Stivers Victorious

We ran a positive campaign focused on solutions and representation, and it resonated with Meridian Township voters. The final tally had me at just over 70% of the total vote. I want to thank the voters for putting their faith in me; I will endeavor to represent you well should I be elected County Commissioner in November.

Thanks to everyone who supported me along the way, especially Julie Brixie, Dan Opsommer, Ron Styka, Kathy Sundland, Ryan Sebolt, the guys at IBEW local 665, Carl Seabold, John Lawson, Zack Langway and Matt Langway, and everyone who donated and showed up. Thanks to all my support networks, including Vote Run Lead Alums. Thanks to my amazing extended family; so many cousins and aunts and uncles chipped in from afar and I am so grateful for your support. Thanks to my parents and brothers for their faith, support and love. Thanks especially to my husband Jason Hamblen for stepping up to fill the gaps at home and raise our beautiful son while I was out campaigning. And finally, thanks to my opponent, Mr. Scales, for running a strong campaign and keeping me on my toes.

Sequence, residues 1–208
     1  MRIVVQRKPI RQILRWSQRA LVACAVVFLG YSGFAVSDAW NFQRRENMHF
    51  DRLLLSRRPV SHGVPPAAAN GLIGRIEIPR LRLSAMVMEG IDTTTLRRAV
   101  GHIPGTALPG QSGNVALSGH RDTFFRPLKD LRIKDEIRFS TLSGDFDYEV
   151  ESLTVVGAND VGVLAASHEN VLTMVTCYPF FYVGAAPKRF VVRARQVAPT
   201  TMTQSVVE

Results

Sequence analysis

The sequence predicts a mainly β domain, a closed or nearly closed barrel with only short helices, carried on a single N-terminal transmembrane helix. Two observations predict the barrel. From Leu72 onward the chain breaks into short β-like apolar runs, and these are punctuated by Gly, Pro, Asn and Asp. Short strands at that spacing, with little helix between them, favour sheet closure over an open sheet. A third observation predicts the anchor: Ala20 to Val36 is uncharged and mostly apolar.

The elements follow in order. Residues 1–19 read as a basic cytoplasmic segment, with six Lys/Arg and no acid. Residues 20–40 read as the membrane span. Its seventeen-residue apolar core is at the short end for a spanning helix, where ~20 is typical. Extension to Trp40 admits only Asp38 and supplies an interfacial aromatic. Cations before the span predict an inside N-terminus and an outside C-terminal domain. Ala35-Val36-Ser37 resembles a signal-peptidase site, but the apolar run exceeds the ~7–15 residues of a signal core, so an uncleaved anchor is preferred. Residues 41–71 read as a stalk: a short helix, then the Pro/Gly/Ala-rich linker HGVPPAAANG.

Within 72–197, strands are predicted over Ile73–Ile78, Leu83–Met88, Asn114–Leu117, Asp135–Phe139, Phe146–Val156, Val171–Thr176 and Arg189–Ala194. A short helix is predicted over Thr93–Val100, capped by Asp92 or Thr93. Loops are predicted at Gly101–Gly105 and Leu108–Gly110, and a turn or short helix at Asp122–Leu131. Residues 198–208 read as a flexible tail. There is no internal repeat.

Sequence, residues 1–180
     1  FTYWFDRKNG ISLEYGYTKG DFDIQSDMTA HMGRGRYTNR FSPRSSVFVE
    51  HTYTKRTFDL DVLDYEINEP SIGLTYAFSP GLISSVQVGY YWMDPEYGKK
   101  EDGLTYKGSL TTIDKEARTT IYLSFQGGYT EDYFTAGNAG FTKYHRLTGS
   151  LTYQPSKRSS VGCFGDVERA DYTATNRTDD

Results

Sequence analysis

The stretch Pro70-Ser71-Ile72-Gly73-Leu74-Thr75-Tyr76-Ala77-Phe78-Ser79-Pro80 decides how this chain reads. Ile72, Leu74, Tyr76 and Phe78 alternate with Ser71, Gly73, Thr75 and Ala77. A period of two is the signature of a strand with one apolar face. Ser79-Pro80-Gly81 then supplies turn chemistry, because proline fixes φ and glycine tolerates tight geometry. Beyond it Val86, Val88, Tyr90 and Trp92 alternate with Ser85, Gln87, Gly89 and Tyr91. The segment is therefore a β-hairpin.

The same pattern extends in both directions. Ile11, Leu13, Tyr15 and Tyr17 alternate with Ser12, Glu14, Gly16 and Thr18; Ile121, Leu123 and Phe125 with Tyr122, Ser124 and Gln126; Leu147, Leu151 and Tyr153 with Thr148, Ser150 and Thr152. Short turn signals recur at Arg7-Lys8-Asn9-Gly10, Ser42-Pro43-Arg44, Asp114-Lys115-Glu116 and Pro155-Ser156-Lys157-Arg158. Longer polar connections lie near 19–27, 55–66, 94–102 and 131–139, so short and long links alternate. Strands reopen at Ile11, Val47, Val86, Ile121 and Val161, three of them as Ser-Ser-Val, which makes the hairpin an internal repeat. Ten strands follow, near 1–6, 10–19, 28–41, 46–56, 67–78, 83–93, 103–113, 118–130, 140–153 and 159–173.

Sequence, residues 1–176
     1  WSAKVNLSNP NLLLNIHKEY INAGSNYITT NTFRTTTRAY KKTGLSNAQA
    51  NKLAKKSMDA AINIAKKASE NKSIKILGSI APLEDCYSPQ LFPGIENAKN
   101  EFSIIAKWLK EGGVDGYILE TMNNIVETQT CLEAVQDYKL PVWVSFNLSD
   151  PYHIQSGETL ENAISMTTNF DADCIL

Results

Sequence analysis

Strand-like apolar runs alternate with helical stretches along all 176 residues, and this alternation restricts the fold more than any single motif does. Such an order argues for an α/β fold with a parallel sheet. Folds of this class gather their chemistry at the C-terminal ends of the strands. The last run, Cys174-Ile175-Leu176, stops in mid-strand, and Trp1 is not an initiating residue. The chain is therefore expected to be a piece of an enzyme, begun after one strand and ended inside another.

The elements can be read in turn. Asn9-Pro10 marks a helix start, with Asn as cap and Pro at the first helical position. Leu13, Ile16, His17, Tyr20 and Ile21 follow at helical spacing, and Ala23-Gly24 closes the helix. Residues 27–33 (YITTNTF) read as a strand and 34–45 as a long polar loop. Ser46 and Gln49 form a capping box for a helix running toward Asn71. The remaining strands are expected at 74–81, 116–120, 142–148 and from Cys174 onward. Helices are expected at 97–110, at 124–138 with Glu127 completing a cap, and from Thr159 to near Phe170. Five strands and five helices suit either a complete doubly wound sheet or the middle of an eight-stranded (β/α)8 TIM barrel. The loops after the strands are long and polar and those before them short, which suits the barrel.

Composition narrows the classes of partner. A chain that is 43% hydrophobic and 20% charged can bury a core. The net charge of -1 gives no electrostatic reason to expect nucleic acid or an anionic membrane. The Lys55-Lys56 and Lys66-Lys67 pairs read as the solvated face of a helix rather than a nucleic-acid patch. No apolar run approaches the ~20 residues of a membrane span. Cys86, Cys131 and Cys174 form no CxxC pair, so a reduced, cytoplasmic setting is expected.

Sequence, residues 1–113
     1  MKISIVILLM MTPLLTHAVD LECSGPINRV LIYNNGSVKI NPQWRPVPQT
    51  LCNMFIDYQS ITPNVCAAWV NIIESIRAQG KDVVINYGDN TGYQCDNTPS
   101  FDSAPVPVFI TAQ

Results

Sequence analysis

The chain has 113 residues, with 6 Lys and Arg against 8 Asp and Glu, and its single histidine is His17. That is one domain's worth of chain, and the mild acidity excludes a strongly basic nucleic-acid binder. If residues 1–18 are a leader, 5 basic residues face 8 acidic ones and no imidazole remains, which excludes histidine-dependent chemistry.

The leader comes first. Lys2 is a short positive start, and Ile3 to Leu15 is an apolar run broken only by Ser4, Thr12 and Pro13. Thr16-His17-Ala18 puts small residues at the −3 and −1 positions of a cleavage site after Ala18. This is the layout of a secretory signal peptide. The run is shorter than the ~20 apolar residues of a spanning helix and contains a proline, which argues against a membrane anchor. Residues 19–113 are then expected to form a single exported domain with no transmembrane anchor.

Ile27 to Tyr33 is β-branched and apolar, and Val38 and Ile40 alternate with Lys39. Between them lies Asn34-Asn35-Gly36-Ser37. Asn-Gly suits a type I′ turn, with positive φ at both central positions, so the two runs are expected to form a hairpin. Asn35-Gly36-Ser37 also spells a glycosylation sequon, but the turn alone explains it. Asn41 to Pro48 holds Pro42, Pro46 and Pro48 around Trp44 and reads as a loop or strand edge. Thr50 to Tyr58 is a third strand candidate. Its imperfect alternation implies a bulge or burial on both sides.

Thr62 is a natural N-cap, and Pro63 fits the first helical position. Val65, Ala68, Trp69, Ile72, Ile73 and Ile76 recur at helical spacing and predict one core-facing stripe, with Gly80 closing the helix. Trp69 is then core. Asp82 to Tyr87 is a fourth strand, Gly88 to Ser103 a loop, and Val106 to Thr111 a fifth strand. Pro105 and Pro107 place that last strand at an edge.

Onward to November!


HOMTV Ballot Meridian 2018 Debate

I was honored to have the opportunity to present my plans for roads, energy, downtown development and more at the HOMTV Ballot Meridian 2018 11th District Ingham County Commissioner Democratic Debate. Thanks to moderator Mike Scott and the HOMTV team who did such a wonderful and professional job making this happen — and also to my husband, Jason, who did a wonderful job taking care of our son while “mommy” was on TV.


County Commissioner Sebolt Endorsement

I’m proud to announce the endorsement of current County Commissioner and LGBTQIA rights leader Ryan Sebolt. Ryan says:

“I’m endorsing Emily Stivers for Ingham County Commissioner based on her experience and values. As a Meridian Township Planning Commissioner, she’s familiar with the rules and procedures that County operates under, which will help make her ready to serve on day one. Her public policy credentials are impressive, with a master’s degree from one of the top schools in the country and a 15-year career fighting for the least-advantaged. Emily will also provide a unique voice as a bisexual woman that will offer a new perspective in our policy discussions. I look forward to being able to work collaboratively with her to advance our shared values, particularly on her ideas for protecting LGBTQIA people at every level of government.”